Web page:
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Comparison of Two Programs to Encourage Physical Activity in Individuals With Chronic Obstructive Pulmonary Disease

This study has been completed.
Sponsor:
Information provided by:
National Heart, Lung, and Blood Institute (NHLBI)
ClinicalTrials.gov Identifier:
NCT00328484
First received: May 19, 2006
Last updated: February 17, 2009
Last verified: February 2009
  Purpose

Chronic obstructive pulmonary disease (COPD) is a chronic lung disease. Symptoms include shortness of breath, wheezing, and difficulty exercising. Increasing exercise and physical activity may relieve the symptoms of COPD and may also slow the progression of the disease. The purpose of this study is to evaluate the effectiveness of a lifestyle activity program versus a traditional exercise program at increasing the amount of physical activity among individuals with COPD.


Condition Intervention Phase
Pulmonary Disease, Chronic Obstructive
Lung Diseases, Obstructive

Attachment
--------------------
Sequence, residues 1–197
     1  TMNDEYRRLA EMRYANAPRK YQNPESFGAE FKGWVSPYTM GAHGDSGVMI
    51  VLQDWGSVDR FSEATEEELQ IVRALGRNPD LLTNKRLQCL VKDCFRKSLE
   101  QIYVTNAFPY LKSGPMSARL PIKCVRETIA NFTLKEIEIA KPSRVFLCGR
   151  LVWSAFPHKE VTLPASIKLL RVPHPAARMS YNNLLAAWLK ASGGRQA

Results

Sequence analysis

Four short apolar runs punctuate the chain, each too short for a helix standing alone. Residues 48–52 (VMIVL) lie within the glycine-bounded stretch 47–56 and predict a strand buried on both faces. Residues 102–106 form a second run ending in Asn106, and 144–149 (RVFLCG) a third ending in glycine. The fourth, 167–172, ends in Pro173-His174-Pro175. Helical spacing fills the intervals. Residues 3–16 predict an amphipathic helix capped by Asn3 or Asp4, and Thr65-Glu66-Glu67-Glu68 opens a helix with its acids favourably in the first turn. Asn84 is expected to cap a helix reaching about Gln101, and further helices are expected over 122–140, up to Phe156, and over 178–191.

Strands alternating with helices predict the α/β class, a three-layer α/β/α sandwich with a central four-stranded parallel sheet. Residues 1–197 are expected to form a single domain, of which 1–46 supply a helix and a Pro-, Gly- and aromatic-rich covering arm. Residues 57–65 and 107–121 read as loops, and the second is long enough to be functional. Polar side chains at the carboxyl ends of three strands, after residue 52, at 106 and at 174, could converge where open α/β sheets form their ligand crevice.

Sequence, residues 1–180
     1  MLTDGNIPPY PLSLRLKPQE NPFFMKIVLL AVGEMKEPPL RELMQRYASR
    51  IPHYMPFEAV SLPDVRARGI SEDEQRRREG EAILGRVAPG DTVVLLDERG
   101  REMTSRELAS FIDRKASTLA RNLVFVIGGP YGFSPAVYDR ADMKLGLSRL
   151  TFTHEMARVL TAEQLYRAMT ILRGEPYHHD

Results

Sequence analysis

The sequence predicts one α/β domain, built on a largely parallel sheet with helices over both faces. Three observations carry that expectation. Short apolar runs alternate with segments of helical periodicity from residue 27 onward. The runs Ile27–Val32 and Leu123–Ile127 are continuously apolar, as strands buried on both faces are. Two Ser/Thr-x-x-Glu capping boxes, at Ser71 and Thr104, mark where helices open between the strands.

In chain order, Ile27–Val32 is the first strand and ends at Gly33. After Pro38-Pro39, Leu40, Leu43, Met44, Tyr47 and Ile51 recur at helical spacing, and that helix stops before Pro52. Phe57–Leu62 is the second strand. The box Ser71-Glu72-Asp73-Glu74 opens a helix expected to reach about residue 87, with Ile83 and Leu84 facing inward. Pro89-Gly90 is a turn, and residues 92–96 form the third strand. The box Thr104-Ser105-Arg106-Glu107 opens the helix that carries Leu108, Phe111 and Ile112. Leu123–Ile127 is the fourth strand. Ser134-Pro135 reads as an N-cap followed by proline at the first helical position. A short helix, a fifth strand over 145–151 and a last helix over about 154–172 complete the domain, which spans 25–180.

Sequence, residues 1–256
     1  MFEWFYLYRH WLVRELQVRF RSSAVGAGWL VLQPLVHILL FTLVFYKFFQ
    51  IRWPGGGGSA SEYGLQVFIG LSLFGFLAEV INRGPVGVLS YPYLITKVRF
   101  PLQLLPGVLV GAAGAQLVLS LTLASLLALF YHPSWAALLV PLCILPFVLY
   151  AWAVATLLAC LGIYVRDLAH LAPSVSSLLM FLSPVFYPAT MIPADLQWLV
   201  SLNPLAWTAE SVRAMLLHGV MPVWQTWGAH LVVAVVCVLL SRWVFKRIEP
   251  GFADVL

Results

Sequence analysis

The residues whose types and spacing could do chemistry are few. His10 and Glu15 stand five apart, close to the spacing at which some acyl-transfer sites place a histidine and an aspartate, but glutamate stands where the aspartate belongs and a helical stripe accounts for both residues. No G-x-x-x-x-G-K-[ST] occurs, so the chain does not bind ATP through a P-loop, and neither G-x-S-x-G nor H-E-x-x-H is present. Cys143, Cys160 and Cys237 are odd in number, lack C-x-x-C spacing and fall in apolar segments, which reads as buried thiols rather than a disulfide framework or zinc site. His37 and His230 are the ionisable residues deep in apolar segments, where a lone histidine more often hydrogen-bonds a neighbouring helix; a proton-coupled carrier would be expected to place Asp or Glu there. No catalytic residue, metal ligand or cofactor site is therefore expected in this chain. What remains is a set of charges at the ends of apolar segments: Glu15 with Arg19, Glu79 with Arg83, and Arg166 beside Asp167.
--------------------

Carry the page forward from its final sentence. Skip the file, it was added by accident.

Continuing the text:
Behavioral: Lifestyle Activity Program
Behavioral: Exercise Program
Phase 3

Study Type: Interventional
Study Design: Allocation: Randomized
Endpoint Classification: Efficacy Study
Intervention Model: Parallel Assignment
Masking: Single Blind (Subject)
Primary Purpose: Treatment
Official Title: Exercise and Disability in COPD Patients

Resource links provided by NLM:


Further study details as provided by National Heart, Lung, and Blood Institute (NHLBI):

Primary Outcome Measures:
  • Amount of time engaged in moderate physical activity each week [ Time Frame: Measured at Year 1 ] [ Designated as safety issue: No ]

Secondary Outcome Measures:
  • Health related quality of life [ Time Frame: Measured at Year 1 ] [ Designated as safety issue: No ]
  • Self-reported disability [ Time Frame: Measured at Year 1 ] [ Designated as safety issue: No ]
  • Physical function [ Time Frame: Measured at Year 1 ] [ Designated as safety issue: No ]
  • Exercise capacity [ Time Frame: Measured at Year 1 ] [ Designated as safety issue: No ]

Enrollment: 318
Study Start Date: January 2002